“I had so many folks come up to me and say, ‘Oh my gosh, I can’t believe that this a funeral home and you’re doing this, and I feel so comfortable here, and I wish this had been around when my mom died,’” Weinrieb says. “I think that’s really powerful: the idea of creating feedback in a community that you’re there to serve. As a funeral home owner, you have an enormous amount of power in your community to bring these conversations to light.”
A surprising crowd
Neither Wasserman nor Weinrieb knew exactly who would be in the audience at those first few Live After Death shows, but both have been pleasantly surprised at the eclectic groups, which are growing with each new date.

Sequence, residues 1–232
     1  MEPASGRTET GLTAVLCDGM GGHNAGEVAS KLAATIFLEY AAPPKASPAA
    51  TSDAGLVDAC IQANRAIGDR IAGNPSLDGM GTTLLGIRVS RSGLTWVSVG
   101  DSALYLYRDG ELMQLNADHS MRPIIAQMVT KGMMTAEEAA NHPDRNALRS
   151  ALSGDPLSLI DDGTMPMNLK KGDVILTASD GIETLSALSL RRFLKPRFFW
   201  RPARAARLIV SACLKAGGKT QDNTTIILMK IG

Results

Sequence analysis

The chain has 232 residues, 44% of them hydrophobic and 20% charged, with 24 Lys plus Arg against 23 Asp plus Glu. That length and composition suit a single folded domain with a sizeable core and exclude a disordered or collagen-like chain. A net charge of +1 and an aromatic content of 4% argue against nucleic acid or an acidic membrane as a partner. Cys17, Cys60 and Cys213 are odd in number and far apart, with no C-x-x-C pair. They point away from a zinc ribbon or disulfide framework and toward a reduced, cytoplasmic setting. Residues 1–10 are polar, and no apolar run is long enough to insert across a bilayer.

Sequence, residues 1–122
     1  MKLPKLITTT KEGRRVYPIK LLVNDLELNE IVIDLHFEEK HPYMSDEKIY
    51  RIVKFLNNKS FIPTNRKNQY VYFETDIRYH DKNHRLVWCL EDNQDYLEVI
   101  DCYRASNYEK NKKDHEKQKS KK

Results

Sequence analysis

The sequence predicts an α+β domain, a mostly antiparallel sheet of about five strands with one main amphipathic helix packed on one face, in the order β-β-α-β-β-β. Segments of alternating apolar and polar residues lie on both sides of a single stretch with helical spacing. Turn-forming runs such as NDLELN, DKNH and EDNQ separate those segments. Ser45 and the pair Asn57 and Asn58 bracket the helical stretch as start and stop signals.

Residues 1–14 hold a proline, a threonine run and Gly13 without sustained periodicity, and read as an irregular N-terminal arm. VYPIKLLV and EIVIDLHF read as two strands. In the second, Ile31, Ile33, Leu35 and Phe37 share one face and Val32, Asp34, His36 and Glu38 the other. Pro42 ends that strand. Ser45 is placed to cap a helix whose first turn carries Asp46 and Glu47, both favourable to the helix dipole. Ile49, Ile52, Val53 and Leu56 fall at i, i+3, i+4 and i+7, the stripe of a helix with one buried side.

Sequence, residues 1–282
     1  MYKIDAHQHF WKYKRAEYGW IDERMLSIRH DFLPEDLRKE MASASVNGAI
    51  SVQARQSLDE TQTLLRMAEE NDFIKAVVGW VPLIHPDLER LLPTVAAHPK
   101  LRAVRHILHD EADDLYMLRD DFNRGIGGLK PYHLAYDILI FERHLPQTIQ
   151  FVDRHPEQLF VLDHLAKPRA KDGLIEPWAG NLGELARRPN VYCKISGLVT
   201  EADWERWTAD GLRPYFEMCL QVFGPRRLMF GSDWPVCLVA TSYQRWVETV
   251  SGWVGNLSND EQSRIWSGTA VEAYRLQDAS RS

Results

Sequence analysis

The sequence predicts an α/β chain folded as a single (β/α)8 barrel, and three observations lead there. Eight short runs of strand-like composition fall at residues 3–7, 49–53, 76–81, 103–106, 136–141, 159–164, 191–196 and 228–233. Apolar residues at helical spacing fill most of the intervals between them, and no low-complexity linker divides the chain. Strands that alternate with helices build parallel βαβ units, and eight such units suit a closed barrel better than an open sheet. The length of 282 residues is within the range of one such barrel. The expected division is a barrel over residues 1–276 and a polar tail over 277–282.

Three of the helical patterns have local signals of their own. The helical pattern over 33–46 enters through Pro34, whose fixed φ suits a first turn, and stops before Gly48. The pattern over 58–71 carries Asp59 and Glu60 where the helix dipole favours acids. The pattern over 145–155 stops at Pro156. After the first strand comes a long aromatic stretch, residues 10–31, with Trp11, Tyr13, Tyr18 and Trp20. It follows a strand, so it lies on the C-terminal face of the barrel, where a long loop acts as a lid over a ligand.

“It’s really been fascinating to see the diversity of backgrounds in both demographics, what people do for a living, and why they’re there,” Wasserman explains. “It’s a really good mix of young and old people, widows, married couples, and people on a date night.”
One of the more interesting contingents in the audience has been the large number of deathcare professionals. Wasserman says he’s enjoyed meeting the embalmers, funeral directors, and death doulas who come out to enjoy Live After Death — and so have the other attendees.